A couple of weeks ago our local news channel did a two-part bit on homeschooling. Overall I was quite disappointed; the editors made sure to reinforce every stereotype out there for homeschoolers while paying lip service to research that dispels these myths.
They also had a school principal (or head of the teacher’s union, can’t remember now) to give “the other side” (like it isn’t represented in every facet of daily life)…and one comment she said just made me want to tear my hair out. She noted that schools have diverse backgrounds of kids, from poor to wealthy, of all abilities and races, etc…she suggested that, in this way, school provides kids with a taste of what society is like. She implied that, because of this, schooled children are somehow “involved” with society.
Besides the obvious criticisms one can level at this claim, such as where in society one finds adults segregated by age, there is also the fact that school kids simply don’t have the time to truly involve themselves in the real world. Oh sure, they’ll take a field trip to an old folks’ home. But such involvements really seem artificial to me. Going on a field trip, with a group of 30 kids all your age and only a handful of adults, is nothing like being involved as an individual.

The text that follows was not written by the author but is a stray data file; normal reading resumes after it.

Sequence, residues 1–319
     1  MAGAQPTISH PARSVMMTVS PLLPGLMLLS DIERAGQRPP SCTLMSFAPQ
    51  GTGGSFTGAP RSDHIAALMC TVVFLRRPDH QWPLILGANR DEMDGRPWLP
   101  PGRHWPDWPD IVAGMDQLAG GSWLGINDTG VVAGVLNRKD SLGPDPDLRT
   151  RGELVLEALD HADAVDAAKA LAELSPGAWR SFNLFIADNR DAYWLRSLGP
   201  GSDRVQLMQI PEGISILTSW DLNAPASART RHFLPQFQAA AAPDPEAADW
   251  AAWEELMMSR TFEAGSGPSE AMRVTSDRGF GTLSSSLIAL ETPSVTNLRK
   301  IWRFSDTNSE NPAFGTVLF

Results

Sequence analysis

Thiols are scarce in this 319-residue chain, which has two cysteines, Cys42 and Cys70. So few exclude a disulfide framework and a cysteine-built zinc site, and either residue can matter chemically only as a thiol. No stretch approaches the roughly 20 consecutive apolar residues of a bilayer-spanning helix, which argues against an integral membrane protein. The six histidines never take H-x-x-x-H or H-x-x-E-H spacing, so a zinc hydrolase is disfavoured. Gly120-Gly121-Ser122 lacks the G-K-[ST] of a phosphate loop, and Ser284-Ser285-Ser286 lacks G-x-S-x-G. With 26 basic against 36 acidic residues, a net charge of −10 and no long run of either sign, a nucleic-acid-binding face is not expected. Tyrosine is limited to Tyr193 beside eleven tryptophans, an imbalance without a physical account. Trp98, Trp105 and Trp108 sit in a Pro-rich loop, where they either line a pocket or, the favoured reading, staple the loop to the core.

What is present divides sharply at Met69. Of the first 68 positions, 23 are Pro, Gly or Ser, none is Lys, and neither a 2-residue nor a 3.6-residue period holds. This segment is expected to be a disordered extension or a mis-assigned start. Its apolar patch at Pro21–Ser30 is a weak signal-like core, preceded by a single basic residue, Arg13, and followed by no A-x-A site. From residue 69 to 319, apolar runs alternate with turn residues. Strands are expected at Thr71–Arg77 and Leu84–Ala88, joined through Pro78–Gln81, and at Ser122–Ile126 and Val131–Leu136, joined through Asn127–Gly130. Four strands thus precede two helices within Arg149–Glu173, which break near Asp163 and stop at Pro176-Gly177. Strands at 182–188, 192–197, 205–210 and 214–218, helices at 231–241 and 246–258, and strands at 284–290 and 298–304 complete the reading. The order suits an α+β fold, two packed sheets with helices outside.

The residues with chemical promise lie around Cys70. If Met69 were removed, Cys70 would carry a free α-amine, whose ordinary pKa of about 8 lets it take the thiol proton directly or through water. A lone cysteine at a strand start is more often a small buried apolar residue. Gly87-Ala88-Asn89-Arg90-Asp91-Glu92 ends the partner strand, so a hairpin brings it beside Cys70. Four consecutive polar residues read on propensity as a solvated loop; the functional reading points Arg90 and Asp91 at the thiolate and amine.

Then Miranda over at Nurtured By Love posted this story about her family’s involvement at the local community garden. She points out that all the kids attending were homeschoolers, and that this was the case for many community events they attended.
My kids haven’t yet reached a level of maturity where they can be taken to such places, but you can bet that when they can we’ll be getting involved with our community. Volunteering in park cleanups, invasive plant removal programs, food banks, etc are all open to us. I think Miranda was right that the school kids really don’t have the time. But I also think that school kids are removed and isolated from the real world, and so perhaps can’t feel their place within it as homeschooled kids do. It’s hard to participate in something when you don’t feel any ownership of it.
It just seems strange to me that we consider school kids part of society, and yet we remove them from it for most of their lives. Add in homework and busy commuting parents and it’s no wonder that few of us have a true sense of community involvement. As a homeschooling family, we look forward to building a connection to our community as part of our daily life experiences.